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Hydroxyethyl starch 130/0.4 compared with 0.9% NaCl administered to greyhounds with haemorrhagic shock

McBride, D., Raisis, A.L., Hosgood, G. and Smart, L. (2017) Hydroxyethyl starch 130/0.4 compared with 0.9% NaCl administered to greyhounds with haemorrhagic shock. Veterinary Anaesthesia and Analgesia, 44 (3). pp. 444-451.

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Link to Published Version: https://doi.org/10.1016/j.vaa.2016.05.015
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Abstract

Objective To determine the cardiovascular and acid-base effects of 6% hydroxyethyl starch (HES) 130/0.4 and 0.9% sodium chloride (NaCl) administered to anaesthetized greyhounds with haemorrhagic shock. Study design Prospective, experimental, complete randomized block design. Animals Twelve healthy adult greyhounds. Methods After 60 minutes of isoflurane anaesthesia, 48 mL kg−1 of blood was removed to induce hypotension. Dogs were randomized to receive either 20 mL kg−1 of HES 130/0.4 or 80 mL kg−1 of 0.9% NaCl over 20 minutes. Haemoglobin, arterial and central venous blood gas and electrolytes, lactate, mean arterial pressure (MAP) and cardiac index were measured at: T0, 60 minutes after induction of anaesthesia, immediately prior to blood removal; T1, immediately after blood removal; T2, immediately after fluid administration; and T3, 40 minutes after fluid administration. Oxygen extraction ratio (O2ER) was calculated at each sample time. Results O2ER increased at T1 and decreased at T2 and T3, with no difference between the two groups. Dogs administered HES 130/0.4 had higher lactate at T2 [mean (95% confidence interval) 1.3 (0.8–1.9) mmol L−1] than dogs administered 0.9% NaCl [0.8 (0.5–1.1) mmol L−1]; p = 0.045. Dogs administered HES 130/0.4 had a higher MAP at T3 [88 (74–102) mmHg] than dogs administered 0.9% NaCl [69 (60–79) mmHg]; p = 0.019. Dogs administered 0.9% NaCl were more acidaemic at T2 and T3, including higher hydrogen ion, lower bicarbonate, lower base excess and higher chloride concentrations. Conclusion and clinical relevance The effect of 20 mL kg−1 of HES 130/0.4 on shock, as measured by O2ER, was no different than that of 80 mL kg−1 of 0.9% NaCl in dogs under general anaesthesia. Acidaemia in the NaCl group is likely attributable to hyperchloraemic metabolic acidosis from the larger volume administered.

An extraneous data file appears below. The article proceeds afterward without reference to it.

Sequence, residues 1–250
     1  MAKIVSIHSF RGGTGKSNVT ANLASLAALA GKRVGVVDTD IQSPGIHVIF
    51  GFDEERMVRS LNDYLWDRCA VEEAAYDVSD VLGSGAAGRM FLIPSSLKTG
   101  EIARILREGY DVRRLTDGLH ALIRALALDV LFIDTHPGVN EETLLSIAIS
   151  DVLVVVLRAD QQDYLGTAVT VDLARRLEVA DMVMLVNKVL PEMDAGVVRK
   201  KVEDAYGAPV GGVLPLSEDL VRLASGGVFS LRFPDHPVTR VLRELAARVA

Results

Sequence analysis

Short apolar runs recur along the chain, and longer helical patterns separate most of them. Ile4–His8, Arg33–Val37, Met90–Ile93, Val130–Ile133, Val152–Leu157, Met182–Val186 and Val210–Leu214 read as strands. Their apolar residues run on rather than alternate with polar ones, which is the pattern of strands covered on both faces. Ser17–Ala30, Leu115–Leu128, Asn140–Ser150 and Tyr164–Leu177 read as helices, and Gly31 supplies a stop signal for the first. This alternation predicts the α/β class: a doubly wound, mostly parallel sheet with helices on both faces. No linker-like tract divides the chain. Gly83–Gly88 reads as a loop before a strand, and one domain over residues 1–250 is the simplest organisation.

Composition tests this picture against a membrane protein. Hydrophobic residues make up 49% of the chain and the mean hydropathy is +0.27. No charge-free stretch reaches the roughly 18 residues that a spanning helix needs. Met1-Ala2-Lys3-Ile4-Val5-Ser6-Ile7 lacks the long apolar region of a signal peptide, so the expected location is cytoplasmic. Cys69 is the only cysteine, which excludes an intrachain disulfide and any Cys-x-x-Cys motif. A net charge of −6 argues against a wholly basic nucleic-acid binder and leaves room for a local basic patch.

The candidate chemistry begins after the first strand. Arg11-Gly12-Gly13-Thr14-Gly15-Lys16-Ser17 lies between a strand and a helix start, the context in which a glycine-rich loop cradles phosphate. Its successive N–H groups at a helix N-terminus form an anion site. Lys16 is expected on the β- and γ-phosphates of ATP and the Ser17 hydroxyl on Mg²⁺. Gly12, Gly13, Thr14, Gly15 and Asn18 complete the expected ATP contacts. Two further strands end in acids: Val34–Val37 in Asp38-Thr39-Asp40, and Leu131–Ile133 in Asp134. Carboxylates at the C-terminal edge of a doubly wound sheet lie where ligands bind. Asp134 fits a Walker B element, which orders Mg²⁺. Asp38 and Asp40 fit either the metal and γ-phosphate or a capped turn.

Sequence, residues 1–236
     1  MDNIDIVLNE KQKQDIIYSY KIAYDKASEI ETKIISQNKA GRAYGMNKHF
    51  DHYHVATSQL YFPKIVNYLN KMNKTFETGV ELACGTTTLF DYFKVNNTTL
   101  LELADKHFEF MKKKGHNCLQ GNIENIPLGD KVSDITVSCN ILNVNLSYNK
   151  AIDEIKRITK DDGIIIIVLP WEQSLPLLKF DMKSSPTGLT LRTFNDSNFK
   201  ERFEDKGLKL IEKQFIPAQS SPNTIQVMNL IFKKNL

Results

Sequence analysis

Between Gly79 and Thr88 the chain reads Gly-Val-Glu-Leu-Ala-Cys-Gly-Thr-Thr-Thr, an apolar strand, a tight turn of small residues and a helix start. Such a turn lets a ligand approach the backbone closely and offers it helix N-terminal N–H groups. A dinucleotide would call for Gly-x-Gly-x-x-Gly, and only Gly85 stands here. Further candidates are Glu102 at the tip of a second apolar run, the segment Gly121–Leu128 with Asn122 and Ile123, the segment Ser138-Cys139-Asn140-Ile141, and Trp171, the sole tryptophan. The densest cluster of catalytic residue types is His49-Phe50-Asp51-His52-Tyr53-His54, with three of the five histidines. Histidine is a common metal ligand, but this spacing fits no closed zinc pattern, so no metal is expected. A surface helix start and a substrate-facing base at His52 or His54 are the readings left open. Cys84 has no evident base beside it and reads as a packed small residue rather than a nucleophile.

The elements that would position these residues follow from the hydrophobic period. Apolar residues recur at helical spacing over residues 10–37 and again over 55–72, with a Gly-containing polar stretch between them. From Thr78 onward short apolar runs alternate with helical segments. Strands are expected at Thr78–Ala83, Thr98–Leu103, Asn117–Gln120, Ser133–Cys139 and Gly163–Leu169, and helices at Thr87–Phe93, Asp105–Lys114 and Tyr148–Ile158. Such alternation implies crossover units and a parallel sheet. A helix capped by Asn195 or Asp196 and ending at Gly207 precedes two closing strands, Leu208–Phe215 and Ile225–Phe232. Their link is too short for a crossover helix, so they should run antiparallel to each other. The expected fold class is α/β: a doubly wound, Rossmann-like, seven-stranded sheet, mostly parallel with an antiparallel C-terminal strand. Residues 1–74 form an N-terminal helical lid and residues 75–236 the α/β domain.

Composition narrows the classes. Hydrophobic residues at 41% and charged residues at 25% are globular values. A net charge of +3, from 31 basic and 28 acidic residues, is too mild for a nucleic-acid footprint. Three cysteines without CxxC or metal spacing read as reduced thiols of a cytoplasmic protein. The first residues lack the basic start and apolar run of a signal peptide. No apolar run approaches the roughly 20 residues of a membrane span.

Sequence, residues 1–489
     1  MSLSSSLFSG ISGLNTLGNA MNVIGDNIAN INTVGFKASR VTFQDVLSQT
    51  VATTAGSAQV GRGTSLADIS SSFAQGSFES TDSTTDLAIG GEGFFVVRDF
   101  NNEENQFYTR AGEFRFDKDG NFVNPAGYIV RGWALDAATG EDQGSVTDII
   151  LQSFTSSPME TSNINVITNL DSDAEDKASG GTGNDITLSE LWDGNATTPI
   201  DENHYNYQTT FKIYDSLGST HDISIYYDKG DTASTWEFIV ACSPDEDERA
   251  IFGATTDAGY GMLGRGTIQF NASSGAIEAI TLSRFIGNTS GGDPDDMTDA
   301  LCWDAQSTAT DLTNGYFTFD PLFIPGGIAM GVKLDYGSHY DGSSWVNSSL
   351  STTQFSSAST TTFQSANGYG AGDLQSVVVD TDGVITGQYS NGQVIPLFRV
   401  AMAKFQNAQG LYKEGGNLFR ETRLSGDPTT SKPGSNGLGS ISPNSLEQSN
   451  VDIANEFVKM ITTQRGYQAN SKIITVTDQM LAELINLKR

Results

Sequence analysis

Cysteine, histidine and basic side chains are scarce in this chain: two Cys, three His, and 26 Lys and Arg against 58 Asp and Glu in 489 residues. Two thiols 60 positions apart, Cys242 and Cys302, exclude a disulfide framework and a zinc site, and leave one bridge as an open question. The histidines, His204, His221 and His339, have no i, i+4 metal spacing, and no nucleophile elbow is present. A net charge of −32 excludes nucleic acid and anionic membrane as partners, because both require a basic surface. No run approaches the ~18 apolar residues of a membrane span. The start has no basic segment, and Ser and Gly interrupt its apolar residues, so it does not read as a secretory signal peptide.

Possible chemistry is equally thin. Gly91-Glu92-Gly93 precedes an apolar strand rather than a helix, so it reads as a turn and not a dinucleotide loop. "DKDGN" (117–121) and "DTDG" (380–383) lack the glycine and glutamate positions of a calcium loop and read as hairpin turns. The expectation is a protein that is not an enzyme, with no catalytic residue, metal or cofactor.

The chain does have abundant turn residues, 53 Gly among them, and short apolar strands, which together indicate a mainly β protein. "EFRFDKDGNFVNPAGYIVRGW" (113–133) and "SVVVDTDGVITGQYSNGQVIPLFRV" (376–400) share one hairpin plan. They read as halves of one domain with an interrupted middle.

Publication Type: Journal Article
Murdoch Affiliation: School of Veterinary and Life Sciences
Publisher: Elsevier
Copyright: © 2017 Association of Veterinary Anaesthetists and American College of Veterinary Anesthesia and Analgesia
URI: http://researchrepository.murdoch.edu.au/id/eprint/38627
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